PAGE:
ElderlyGoose: I'd love to know how the hell you organise a game? Do you start with a date in mind and just stick to it regardless of what people can do? Or pick a few dates and times and work out a polling system? I've found it's the hardest part of D&D to get any game started.
Matt: It’s definitely tough! For me, I prefer to have everyone in the group in every session, so I won’t just stick to a date if someone can’t make it. Playing over Skype or other online tools such as Roll20 helps a lot compared to gathering everyone in the same room, as does trying to stick to a semi-regular schedule and announcing it upfront - “We’ll play on the first Friday of every month,” etc.
Sara: Haha! I know this well. We start with a date in mind, let people discuss whether that’s the one to go for, then eventually settle on a date after about six changes. The best you can do is just be on it like Sonic, so someone changes the date, and you’re like “OKAY GUYS, DOES THAT WORK FOR EVERYONE?” (hiding the creaking desperation in your voice). You’ll get there eventually. It’s also good to get an idea of people’s commitments, like their vague work hours, if they have kids, etc. We have a few people in our group who do shift work, so sometimes we start a little later to accommodate that.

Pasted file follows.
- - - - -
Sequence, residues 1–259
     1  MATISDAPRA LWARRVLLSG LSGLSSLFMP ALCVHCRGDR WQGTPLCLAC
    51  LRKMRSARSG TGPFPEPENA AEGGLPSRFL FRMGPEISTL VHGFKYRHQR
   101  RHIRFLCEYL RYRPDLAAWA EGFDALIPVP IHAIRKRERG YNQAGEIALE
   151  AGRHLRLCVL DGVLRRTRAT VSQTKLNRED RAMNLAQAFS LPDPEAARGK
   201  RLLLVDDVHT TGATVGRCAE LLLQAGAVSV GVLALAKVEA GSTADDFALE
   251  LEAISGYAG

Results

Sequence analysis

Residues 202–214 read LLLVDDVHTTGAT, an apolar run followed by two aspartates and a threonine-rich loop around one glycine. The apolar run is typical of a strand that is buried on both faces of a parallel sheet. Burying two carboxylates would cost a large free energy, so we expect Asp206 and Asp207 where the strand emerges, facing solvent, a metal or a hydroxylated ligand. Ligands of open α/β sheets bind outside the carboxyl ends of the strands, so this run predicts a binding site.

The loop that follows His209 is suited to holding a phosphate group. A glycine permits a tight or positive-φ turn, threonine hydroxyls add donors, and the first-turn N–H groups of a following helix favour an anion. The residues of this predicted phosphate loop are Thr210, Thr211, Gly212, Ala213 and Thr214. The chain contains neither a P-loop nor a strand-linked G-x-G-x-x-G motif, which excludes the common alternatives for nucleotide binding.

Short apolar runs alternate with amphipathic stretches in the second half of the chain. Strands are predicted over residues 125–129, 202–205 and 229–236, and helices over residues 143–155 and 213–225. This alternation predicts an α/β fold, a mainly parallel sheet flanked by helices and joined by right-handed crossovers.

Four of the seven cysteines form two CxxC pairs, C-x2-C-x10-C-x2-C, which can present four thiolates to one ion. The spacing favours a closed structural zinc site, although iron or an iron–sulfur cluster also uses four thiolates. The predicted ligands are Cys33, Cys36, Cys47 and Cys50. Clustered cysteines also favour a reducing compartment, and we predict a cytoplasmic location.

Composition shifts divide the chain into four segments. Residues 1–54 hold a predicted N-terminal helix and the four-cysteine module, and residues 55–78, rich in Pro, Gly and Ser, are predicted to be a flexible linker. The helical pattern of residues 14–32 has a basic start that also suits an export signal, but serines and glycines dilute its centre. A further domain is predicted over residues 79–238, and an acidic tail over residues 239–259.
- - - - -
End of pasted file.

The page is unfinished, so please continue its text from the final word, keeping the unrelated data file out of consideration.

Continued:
Meehan: Polling systems do actually work very well in my experience. It’s important to understand that we’re all busy people, especially if you’re an adult and have to do adult things. So providing options for people in advance can really help with prevent campaigns from dropping or pausing. Have an online chat group or something similar, provide a big ass poll in advance and give people options for dates and times.
Wil: Congratulations, you've been appointed as the lord chief commander and high pope of all things D&D design. Your prime directive is to strip out some of the rules that have gathered over the FIFTY YEARS of this game's existence. What are you chucking in the bin and why?
Johnny: Encumbrance is going straight in the bin. In its place, I’d like to propose an interesting little mechanic I like to call ‘common sense’. Why waste time totting up the total weight of your adventuring gear vs your strength score multiplied by fifteen? Hey GM, reckon I can carry that? Yes? Cracking - let’s carry on.
Matt: Johnny nailed it: encumbrance sucks. I’d also like to cast into RPG Room 101 the act of preparing spells - just give me a limited number of uses via spell slots or similar, and let me cast what I want.
Meehan: Materials required for spells. I quite like the elements of speech and gestures when casting spells, because it makes things interesting when magic could cause people to get up in arms. But material requirements just suck because players rarely remember them, they’re sometimes expensive or just impossible to find, and they stop people from having fun.